Posted on Apr 28, 2019
The overwhelming stress of travelling with children is taking the enjoyment out of holidays for Britain’s parents, as 44% claim it has put them off booking a holiday entirely.
In 2018, families with young children went on an average of four holidays, with half being taken abroad.
But holidays abroad require a lot of forward planning and organising, not forgetting the often-stressful ordeal of getting to the holiday destination, with children and luggage in tow.
In fact, a new survey commissioned by the leading ferry operator DFDS has found that parents can become so daunted by the thought of travelling to their holiday destination with their children, that more than two in five (44%) have put off booking a family holiday altogether.
The top five most stressful factors of the journey cited by parents were:
• Keeping children entertained (46%)
• Keeping everyone happy (36%)
• The worry of children disrupting fellow passengers/travellers (26%)
• Having snacks and drinks prepared (16%)
• Sitting together when travelling (15%)
Steve Newbery, On Board Commercial Director at DFDS, and parent of two children under 10, told this website: “A holiday should really begin from the start of the journey, when bags are packed, and the front door locked. The ease of ferry travel means all the highlighted stress factors are eliminated, with enough space and entertainment on board for all the family to enjoy, so the holiday really does begin before you get to your destination.”
More than a third (37%) of parents claimed that airport queues and the confined space on board an aircraft, create unnecessary stress at the beginning of a family holiday, while over a quarter (26%) of parents say they argue with their partner before even arriving at their destination.
One key factor contributing to the negative feeling toward a family holiday, according to the survey findings, is the process of getting there, as 31% say they love a family holiday but hate the journey there.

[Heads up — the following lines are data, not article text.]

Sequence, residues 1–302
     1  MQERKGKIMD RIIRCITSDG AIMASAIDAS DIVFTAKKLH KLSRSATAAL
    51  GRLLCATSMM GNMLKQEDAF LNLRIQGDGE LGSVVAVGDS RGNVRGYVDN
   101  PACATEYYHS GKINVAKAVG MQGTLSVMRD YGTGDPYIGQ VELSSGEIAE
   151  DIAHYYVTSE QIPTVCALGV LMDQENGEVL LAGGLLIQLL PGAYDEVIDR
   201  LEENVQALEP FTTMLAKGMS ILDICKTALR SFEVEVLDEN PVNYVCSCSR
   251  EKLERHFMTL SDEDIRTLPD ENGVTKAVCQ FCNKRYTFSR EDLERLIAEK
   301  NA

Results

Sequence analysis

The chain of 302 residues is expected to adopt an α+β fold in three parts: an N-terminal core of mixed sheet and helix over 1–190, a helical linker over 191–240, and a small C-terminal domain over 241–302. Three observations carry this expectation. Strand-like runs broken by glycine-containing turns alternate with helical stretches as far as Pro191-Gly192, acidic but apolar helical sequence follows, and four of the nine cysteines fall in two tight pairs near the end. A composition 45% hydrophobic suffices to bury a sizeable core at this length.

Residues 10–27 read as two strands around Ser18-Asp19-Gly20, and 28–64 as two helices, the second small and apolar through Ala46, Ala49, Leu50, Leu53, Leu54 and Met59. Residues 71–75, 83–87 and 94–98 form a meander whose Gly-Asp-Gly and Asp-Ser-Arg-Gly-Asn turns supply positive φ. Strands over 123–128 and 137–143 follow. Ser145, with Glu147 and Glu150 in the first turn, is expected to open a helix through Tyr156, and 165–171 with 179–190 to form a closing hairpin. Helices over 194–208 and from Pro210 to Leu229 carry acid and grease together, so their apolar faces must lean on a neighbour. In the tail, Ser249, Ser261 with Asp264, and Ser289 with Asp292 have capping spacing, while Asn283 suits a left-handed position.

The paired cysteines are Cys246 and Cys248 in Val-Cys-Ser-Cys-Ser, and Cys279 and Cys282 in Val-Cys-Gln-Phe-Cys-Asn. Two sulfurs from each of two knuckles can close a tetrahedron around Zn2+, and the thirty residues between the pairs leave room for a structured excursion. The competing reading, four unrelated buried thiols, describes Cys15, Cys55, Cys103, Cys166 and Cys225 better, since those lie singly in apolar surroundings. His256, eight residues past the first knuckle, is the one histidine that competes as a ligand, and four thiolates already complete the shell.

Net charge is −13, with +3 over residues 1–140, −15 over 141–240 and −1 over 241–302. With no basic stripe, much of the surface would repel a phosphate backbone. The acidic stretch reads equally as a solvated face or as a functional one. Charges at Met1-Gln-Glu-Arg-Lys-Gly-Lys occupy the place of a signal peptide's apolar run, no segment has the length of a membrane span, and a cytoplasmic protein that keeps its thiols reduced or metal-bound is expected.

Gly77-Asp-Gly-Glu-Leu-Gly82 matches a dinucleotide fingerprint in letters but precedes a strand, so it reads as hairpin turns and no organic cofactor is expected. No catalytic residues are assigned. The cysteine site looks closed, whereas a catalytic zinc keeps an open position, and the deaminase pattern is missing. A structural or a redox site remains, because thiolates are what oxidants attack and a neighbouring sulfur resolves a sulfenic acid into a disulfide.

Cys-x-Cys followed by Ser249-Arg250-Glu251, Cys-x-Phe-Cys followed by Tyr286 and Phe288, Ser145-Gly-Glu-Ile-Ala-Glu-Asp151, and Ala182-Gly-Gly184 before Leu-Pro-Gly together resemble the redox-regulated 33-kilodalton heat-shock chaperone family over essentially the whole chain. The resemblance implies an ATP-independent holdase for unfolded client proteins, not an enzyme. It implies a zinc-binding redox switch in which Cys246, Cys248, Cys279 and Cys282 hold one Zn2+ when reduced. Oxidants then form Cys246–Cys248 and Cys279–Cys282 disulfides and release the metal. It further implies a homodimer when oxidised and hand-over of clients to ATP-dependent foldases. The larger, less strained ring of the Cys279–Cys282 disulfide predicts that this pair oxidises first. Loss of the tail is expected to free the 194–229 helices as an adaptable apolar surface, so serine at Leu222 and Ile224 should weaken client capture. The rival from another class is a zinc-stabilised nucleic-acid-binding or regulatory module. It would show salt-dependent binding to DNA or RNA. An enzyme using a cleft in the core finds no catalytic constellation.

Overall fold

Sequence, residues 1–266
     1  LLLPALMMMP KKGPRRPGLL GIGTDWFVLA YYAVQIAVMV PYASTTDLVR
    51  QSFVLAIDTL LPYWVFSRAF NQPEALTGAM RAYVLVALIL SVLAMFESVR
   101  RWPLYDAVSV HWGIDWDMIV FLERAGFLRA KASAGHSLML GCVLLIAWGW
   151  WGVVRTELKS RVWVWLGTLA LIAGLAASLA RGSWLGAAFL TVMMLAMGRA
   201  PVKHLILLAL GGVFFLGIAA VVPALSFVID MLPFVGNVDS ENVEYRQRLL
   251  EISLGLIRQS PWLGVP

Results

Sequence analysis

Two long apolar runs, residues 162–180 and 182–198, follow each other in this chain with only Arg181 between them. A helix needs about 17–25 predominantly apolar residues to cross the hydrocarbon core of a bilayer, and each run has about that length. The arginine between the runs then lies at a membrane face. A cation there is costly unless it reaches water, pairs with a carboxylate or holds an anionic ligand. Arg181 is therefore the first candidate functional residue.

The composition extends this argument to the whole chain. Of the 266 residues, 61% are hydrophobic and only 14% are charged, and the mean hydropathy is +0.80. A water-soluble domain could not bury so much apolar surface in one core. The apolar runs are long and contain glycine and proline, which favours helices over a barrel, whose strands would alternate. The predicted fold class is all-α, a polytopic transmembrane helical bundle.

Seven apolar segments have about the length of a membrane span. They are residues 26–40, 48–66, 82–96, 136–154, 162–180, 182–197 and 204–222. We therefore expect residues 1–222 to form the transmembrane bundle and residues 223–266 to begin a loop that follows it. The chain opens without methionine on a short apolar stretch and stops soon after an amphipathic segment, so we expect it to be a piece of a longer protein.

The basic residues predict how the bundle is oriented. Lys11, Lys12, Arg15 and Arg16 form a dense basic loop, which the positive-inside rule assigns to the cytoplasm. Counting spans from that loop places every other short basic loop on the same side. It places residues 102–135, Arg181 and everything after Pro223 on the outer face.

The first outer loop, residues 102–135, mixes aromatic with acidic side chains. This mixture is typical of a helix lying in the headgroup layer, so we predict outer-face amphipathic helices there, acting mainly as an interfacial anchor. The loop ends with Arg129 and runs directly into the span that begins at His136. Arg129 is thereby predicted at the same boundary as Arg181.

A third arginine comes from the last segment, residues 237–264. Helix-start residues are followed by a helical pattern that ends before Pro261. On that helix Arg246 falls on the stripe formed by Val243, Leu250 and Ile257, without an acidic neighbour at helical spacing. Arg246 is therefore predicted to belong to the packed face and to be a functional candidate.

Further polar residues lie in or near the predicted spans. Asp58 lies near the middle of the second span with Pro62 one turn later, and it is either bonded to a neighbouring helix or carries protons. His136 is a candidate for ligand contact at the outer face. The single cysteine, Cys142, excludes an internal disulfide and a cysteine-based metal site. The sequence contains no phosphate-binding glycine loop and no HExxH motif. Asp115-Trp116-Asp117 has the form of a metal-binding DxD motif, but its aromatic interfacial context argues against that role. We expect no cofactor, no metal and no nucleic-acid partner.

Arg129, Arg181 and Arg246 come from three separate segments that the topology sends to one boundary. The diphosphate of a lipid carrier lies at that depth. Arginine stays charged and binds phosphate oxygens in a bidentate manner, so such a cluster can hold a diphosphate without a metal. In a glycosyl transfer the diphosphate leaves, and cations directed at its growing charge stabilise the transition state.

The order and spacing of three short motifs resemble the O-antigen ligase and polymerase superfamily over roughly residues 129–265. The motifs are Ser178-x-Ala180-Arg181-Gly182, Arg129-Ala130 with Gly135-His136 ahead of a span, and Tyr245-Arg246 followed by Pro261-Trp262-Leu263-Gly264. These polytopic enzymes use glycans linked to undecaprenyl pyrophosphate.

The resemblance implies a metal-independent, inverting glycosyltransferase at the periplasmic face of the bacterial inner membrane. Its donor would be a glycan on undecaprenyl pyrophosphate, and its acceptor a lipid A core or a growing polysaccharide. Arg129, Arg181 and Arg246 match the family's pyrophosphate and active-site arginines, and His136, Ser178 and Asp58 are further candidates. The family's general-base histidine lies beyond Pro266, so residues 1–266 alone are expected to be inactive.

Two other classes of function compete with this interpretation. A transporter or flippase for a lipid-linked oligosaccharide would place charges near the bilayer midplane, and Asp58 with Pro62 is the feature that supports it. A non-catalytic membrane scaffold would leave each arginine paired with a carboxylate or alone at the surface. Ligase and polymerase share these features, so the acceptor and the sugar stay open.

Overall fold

As an advocate of ferry travel and getting the most from a family holiday, Katy Hill, TV Presenter and mother of two under 13, added: “I’m passionate about exposing my children to the world around them, and while adults tend to treat the travel element more of a getting from A to B – for kids, it’s often a massive highlight of the trip which shouldn’t be under-estimated.”
She added: “Ferry travel was a huge part of my childhood and first holiday experience, as our family would budget our way around Europe every summer – always starting with one of my top moments – a ferry from Dover to Calais. The excitement as we’d arrive into Dover was palpable, the smell and sounds as we drove onto the ferry so unique and we always had breakfast as soon as we boarded!”
Newbery added: “In 2018, DFDS welcomed over 129,000 families on board, so catering for the needs of all families is a big priority for us. We anticipate a steady increase in bookings in 2019, as we connect families to Europe and beyond, while we continue to invest in our fleet to ensure the whole experience remains as stress-free and enjoyable as possible, so families can focus on making memories.”
With 60 daily departures connecting the UK to continental Europe, DFDS ships offer a wide range of onboard entertainment and facilities, from kids play areas, children’s entertainment, arcades, cafes, restaurants, cinemas and wildlife educational programmes by marine wildlife charity ORCA, depending on the route. Plus, there are large outdoor deck areas where everyone can explore, enjoy the fresh sea air and do some ship and wildlife spotting.
DFDS, nominated Europe's “Leading Ferry Operator” at the prestigious World Travel Awards for the eighth year in a row, sails from Dover to Calais from £49 each way and Dover to Dunkirk from £45 each way, based on up to nine people sharing a car; and from Newhaven to Dieppe from £90per car and four people. The ferry operator also sails from Newcastle to Amsterdam from£45 per person each way, based on four people sharing a car and en-suite cabin.
For more information on DFDS, visit: www.dfds.co.uk
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